GFIA report highlights uniqueness of insurance industry

Calls for policymakers to recognise significant differences with other financial industries

Policymakers must consider the significant differences between the insurance industry and other financial industries when considering future regulations, according to a new report by the Global Federation of Insurance Associations (GFIA).

The report, Insurance: A unique sector, explains how the insurance industry “is already highly regulated, with a stable long-term business model that protects people and businesses from financial hardship”, and has much less exposure to systemic and liquidity risks compared to banks and other non-banks.

Susan Neely, president of GFIA, said: “The insurance industry serves people and global economies by pooling and diversifying risks. It is highly regulated, well capitalised and has a proven track record of effective risk management. In addition, insurers’ investments are typically long term, meaning they are less exposed to short-term market volatility. This is what makes the insurance industry unique in comparison to other financial industries. As this new report shows, creating unjustified additional regulations that fail to recognise these differences undermines the effectiveness of insurers and their contribution to society. It will create unnecessary costs that will ultimately be passed on to consumers.’’

The report states that insurers, banks and other financial institutions have traditionally operated in the financial services industry in separate regulatory universes. But it notes that discussions of insurance regulation among global financial regulators continue to draw heavily on the banking model, ignoring important differences between the banking and insurance business models and their risk exposures.

“More recently, there have been a number of concerns raised about financial stability risks from a very broadly defined non-bank financial intermediation (NBFI) sector, which are also often incorrectly projected on to the insurance industry. The NBFI sector is very diverse and includes investment and money market funds, private equity funds, venture capitalists, microloan organisations and cryptocurrencies. Unlike insurers, many areas of the NBFI sector are not highly regulated, have limited public reporting and are highly interlinked with other areas of the financial system and real economy,” says the report.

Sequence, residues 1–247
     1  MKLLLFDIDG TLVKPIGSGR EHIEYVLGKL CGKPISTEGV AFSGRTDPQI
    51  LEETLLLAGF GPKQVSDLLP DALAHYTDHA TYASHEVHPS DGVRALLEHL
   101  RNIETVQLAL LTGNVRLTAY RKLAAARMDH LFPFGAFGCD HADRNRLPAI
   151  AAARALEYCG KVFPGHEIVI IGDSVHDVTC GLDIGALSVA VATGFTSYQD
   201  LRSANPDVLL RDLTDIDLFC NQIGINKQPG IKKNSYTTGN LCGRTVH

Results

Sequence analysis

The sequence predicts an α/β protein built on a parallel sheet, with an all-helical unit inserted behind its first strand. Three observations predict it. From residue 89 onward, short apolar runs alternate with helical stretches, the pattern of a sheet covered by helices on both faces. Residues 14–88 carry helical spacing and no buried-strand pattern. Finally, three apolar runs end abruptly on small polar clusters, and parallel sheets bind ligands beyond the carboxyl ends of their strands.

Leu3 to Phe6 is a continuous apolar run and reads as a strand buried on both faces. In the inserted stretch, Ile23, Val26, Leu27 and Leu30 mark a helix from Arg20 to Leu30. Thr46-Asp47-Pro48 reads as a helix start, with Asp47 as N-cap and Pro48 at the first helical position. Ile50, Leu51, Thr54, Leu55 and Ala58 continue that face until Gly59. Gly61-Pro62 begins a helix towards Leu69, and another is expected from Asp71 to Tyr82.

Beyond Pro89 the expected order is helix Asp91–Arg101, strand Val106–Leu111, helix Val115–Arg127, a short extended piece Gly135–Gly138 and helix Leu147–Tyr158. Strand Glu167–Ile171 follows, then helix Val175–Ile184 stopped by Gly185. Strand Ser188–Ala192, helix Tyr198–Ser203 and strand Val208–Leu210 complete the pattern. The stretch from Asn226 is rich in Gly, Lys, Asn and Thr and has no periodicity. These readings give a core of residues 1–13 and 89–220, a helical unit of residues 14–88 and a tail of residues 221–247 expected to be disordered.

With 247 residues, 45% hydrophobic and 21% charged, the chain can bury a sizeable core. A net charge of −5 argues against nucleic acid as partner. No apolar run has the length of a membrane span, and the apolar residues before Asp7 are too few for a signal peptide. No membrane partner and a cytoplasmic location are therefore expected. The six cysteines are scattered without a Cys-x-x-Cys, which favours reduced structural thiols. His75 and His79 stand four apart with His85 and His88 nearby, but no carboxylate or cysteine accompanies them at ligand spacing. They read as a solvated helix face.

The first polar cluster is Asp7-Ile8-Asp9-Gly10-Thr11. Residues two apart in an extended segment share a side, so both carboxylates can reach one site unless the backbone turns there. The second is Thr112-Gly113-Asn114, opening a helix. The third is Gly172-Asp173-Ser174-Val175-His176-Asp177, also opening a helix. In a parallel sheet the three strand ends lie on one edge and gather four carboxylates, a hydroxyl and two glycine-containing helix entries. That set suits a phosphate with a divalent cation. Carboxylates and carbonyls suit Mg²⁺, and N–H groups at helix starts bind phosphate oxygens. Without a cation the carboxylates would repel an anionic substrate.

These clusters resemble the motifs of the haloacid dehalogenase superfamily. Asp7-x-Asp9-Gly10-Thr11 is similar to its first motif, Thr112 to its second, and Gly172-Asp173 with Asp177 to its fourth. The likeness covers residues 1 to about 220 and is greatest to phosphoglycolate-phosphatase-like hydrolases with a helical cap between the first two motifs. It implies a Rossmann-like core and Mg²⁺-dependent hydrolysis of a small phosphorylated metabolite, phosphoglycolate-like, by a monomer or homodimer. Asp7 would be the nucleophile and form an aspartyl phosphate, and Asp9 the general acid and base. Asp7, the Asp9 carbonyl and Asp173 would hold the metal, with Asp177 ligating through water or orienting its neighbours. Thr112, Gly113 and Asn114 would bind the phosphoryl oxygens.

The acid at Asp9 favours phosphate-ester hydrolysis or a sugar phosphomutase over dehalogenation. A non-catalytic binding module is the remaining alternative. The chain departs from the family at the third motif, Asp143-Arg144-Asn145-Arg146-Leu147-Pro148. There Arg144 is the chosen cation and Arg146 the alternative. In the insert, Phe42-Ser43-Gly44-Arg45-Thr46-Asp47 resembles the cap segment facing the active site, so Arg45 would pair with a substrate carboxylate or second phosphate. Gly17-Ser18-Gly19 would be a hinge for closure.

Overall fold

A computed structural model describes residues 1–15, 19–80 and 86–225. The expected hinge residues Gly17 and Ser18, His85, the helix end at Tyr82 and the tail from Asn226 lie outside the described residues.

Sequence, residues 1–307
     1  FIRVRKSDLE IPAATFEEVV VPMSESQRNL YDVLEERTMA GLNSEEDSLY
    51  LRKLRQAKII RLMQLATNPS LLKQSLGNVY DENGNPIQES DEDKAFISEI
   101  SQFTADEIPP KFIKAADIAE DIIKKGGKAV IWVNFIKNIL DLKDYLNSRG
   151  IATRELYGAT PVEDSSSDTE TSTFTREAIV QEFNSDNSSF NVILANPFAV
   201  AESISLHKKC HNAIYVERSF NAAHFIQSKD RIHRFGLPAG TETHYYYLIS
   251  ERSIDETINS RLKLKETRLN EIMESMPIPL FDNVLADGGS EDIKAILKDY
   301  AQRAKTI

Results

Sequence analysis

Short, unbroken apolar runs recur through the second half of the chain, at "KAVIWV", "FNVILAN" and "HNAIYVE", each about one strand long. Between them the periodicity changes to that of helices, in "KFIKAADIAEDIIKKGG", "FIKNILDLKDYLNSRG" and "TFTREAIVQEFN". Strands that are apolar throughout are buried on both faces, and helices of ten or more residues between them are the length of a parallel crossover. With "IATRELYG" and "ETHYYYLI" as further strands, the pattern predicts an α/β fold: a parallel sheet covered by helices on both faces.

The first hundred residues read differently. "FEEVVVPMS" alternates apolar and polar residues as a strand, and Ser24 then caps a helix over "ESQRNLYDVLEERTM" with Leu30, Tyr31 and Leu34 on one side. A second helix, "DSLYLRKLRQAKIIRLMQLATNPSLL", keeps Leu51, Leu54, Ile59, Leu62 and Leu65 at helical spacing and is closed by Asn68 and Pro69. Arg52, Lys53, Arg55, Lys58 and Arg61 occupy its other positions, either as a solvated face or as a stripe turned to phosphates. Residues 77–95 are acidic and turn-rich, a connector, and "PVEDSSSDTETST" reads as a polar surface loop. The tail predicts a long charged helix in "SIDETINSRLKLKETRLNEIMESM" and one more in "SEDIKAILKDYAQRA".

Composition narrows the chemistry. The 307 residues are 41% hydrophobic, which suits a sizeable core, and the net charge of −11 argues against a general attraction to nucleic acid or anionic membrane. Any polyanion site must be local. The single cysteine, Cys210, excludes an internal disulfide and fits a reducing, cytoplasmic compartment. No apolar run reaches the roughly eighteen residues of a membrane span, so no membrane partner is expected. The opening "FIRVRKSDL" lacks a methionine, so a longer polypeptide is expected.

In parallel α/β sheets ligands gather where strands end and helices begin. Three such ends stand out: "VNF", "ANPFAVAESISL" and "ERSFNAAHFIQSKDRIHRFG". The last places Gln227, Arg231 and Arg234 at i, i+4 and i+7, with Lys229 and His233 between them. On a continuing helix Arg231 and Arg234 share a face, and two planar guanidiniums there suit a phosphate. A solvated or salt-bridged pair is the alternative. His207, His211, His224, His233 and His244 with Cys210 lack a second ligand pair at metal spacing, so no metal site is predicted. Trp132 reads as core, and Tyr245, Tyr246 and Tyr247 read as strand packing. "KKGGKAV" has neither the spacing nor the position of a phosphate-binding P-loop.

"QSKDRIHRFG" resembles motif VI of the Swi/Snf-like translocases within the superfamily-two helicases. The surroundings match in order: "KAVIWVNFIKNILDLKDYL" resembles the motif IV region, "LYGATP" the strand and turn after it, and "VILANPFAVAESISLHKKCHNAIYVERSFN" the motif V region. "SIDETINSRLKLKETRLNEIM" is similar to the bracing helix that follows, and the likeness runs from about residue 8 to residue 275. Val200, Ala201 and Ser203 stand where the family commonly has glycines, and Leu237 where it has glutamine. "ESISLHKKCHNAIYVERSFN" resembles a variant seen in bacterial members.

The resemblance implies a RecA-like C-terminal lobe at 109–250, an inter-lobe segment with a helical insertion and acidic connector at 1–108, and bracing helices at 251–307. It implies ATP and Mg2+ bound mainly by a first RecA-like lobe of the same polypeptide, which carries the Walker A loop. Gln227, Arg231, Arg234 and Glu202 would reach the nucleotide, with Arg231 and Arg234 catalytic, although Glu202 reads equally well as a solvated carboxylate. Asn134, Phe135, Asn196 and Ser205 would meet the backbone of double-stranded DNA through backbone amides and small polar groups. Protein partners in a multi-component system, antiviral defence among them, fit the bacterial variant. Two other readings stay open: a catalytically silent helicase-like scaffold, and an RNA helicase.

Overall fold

It goes on to warn: “Failing to recognise the important ways in which the insurance sector is unique threatens to undermine the effective functioning of the sector. It also threatens its important contributions to society – protecting individuals and businesses who find themselves facing financial hardship due to some unforeseen event; supporting economic activity through the spreading and diversification of risk; providing access to healthcare; reducing risks through effective underwriting practices and mitigation initiatives; and as major sources of long-term investment in the broader economy.”

GFIA points out that the insurance industry is already subject to comprehensive regulation, requiring insurers to maintain adequate capital, manage risks effectively, treat customers fairly and uphold robust internal governance. Due, in particular, to its business model, systemic risk is much less of an issue for the insurance industry than for the banking sector, the association says.

The report concludes: “Policymakers should therefore not apply banking regulations to insurers and they should not include insurers in their concerns about other financial sectors. For regulatory and supervisory purposes, insurers should be recognised as a separate and distinct category, and policymakers should refer to insurers, banks and other financial sectors separately when discussing the financial services landscape.”

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